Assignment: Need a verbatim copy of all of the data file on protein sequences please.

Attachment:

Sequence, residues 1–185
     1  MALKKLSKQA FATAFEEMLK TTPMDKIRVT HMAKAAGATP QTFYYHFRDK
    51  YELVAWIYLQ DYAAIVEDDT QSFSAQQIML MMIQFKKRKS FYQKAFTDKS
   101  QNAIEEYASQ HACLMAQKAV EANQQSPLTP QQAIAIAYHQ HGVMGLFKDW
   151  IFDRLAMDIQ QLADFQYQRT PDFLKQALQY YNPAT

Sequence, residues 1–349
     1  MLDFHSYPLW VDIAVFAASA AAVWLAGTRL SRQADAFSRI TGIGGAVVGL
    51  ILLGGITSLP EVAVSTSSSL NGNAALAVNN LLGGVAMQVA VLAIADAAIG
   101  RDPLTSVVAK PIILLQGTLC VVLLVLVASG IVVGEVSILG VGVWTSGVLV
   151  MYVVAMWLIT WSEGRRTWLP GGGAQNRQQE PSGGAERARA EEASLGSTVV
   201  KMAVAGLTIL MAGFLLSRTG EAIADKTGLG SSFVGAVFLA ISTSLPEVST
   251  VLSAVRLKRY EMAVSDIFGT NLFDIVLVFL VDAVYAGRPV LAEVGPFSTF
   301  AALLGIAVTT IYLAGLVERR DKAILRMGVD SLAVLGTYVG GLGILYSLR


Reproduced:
Sequence, residues 1–185
     1  MALKKLSKQA FATAFEEMLK TTPMDKIRVT HMAKAAGATP QTFYYHFRDK
    51  YELVAWIYLQ DYAAIVEDDT QSFSAQQIML MMIQFKKRKS FYQKAFTDKS
   101  QNAIEEYASQ HACLMAQKAV EANQQSPLTP QQAIAIAYHQ HGVMGLFKDW
   151  IFDRLAMDIQ QLADFQYQRT PDFLKQALQY YNPAT

Sequence, residues 1–349
     1  MLDFHSYPLW VDIAVFAASA AAVWLAGTRL SRQADAFSRI TGIGGAVVGL
    51  ILLGGITSLP EVAVSTSSSL NGNAALAVNN LLGGVAMQVA VLAIADAAIG
   101  RDPLTSVVAK PIILLQGTLC VVLLVLVASG IVVGEVSILG VGVWTSGVLV
   151  MYVVAMWLIT WSEGRRTWLP GGGAQNRQQE PSGGAERARA EEASLGSTVV
   201  KMAVAGLTIL MAGFLLSRTG EAIADKTGLG SSFVGAVFLA ISTSLPEVST
   251  VLSAVRLKRY EMAVSDIFGT NLFDIVLVFL VDAVYAGRPV LAEVGPFSTF
   301  AALLGIAVTT IYLAGLVERR DKAILRMGVD SLAVLGTYVG GLGILYSLR